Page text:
- According to the latest federal data, Germany’s population has declined for the first time in a decade. The number of people living in Germany in the first half of 2020 fell by 40,000, which was primarily due to a sharp drop in the number of arriving immigrants. (Financial Times)
- NH: Germany’s Federal Statistical Office just released their annual update on the country’s total population. What did they find? The population fell for the first time since 2010. From January to June 2020, the number of people living in Germany dropped by 40,000 to 83.1 million people.
- The immediate reason for the decline was the dramatic recent drop in net immigration into Germany. Between January and June 2020, the flow of immigrants fell by 29%. There was only a net immigration of 74,000 people, compared to 167,000 people during the same six months of 2019.
- The underlining reason for the decline is Germany’s negative "rate of natural increase" (or RNI), which is now -0.2%. RNI refers to population change due solely to new births minus deaths--that is, excluding net immigration. Why is Germany's RNI negative? Well, a society whose total fertility rate is beneath replacement (2.1) must inevitably descend into negative RNI territory. That's pretty much how we demographers define the "replacement rate." And because German fertility has been beneath replacement now for 50 years--ever since 1970--the inevitable happened decades ago.
- In recent years, Germany's population grew slightly due to an ample net inflow of immigrants. This was particularly true in 2016 when Chancellor Angela Merkel took the lead in the EU's resettlement program for Syrian refugees. But with immigration currently down, the RNI is no longer counterbalanced.
- Over the last decade, Germany has been lauded as one of the few western European nations to raise its total fertility rate. This was due to mandatory child leave and other pro-family policies, to the higher fertility rate of new Muslim immigrants, and (perhaps) to a restabilization of the average age of child-bearing. It’s unclear how the pandemic is affecting fertility, but if nation's TFR starts falling again, Germany’s total population could drop even further and faster. (See “Germany’s Baby Boomlet: Will It Last?”)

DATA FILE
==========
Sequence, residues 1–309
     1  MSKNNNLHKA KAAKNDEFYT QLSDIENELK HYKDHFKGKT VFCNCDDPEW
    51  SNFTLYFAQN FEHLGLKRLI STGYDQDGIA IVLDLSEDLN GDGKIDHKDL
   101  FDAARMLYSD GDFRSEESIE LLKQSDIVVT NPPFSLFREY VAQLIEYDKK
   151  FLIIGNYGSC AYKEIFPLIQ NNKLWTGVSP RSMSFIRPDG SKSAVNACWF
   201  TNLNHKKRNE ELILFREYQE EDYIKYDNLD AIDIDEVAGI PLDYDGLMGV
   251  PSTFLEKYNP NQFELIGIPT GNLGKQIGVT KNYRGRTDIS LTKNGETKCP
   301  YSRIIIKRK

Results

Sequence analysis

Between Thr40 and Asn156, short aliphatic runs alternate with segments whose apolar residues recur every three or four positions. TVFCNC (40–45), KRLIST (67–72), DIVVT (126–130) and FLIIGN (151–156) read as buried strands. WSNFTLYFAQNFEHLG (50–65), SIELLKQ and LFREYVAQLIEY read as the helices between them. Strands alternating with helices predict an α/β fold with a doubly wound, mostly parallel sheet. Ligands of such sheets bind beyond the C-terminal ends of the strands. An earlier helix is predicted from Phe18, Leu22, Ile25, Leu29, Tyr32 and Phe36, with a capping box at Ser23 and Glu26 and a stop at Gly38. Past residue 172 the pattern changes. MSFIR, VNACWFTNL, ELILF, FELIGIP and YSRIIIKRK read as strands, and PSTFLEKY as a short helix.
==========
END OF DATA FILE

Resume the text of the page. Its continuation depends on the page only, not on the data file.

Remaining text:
DID YOU KNOW?
- In Need of Repair. Need someone to fix your refrigerator or your washing machine? So do all of your neighbors. With families staying home 24/7, appliance repair technicians have never seen so much business. Prior to the pandemic, the profession was in decline; historically, the majority of technician jobs were found in industries that have been shrinking, such as department stores and appliance stores. But now, with the phone ringing off the hook, appliance repair companies can’t hire fast enough, and the schools that train them are being forced to put students on waiting lists. There are only two major trade schools dedicated to repair education (one in Texas and another in Ohio), which are attracting lots of interest—much of it from former service industry workers looking for a career change. Industry veterans say that their profession has long been overlooked and hope that this moment opens young people’s eyes to non-college career options that offer good salaries and steady work.